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In the course of each episode, Miriam gets into hilarious hijinks and learns a valuable lesson about life or something that she blogs about in the closing scene, similar to Grey's Anatomy's ending voice-overs or the ending journal entries in the more realistic medical drama Doogie Howser, M.D.

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Sometimes she learns the trite and easily digestible lessons that viewers come to expect from these awful shows, such as in the episode "Friendorphins" (every episode is named after the word she comes up with), where she learns that being around your friends can give you the high that drugs never could, or "Friendception," where she learns to stop being jealous of her pregnant friend's fetus and see it as "a friend inside a friend." But sometimes the show makes a statement about current political hot-button issues, such as one episode where Miriam's careless words get a friend deported to Pakistan and tortured ("Extraordinary Friendition").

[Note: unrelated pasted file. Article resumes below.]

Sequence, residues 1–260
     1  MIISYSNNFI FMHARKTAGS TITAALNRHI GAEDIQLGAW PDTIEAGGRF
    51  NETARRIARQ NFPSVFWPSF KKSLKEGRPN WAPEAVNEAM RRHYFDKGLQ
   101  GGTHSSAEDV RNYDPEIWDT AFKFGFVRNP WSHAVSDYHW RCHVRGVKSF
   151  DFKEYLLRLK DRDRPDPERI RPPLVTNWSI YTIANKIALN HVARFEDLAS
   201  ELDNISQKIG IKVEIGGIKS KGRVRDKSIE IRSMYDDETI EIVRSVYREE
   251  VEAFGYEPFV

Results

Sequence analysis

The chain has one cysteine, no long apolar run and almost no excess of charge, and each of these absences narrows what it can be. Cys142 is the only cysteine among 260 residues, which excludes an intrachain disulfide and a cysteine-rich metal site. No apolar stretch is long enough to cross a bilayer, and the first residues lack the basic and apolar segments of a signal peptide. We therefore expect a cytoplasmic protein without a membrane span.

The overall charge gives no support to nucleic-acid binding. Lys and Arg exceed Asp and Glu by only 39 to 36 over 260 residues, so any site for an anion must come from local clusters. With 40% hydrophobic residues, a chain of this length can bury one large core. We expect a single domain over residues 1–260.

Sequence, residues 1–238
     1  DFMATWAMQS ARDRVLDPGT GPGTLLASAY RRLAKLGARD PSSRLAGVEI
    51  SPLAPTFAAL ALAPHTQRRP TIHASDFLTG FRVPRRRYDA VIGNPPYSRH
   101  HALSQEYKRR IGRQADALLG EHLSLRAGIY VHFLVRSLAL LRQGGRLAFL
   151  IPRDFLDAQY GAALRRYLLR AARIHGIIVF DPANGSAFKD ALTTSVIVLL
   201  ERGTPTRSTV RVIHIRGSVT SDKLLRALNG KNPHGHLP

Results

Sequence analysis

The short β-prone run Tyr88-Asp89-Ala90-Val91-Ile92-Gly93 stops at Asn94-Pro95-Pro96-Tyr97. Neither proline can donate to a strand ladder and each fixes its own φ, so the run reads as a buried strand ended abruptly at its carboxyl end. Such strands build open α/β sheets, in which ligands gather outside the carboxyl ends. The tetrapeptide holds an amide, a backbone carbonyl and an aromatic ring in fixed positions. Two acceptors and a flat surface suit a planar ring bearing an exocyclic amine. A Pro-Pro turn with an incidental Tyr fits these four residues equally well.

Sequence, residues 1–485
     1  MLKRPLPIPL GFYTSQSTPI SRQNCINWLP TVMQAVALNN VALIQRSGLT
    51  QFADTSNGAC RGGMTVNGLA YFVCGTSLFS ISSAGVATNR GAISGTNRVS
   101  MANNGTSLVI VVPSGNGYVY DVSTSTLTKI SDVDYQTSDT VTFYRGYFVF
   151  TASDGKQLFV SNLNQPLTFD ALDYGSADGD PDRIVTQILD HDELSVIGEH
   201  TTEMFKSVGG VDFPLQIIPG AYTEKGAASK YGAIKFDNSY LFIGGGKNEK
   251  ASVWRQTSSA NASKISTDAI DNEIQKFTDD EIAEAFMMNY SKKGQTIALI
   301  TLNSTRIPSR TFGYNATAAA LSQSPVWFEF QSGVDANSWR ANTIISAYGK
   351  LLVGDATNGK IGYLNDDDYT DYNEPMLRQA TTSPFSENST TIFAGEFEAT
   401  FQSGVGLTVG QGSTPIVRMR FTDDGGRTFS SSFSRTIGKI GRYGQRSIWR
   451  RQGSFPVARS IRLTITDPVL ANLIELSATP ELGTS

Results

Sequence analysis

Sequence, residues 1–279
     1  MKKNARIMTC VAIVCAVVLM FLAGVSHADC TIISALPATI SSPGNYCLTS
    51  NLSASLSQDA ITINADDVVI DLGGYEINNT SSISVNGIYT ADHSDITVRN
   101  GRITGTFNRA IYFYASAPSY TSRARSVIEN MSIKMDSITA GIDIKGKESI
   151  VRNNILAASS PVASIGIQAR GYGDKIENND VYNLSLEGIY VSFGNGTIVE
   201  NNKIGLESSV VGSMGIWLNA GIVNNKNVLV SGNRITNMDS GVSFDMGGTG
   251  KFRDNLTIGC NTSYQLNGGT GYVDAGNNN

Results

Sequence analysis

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6
The Chicago Manual of Style

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Envious of the success of fashion-obsessed shows like Sex in the City? Beaten to the punch at purchasing the TV rights to the popular The Devil Wears Prada book/movie brand? No problem!

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The TV rights to the Chicago Manual of Style can probably be had for a pittance, probably because it is not a saucy tale of high fashion but a language guide for proper citation and writing styles. You have all the benefits of most people vaguely thinking it sounds familiar and none of the drawbacks of those people knowing exactly what it is.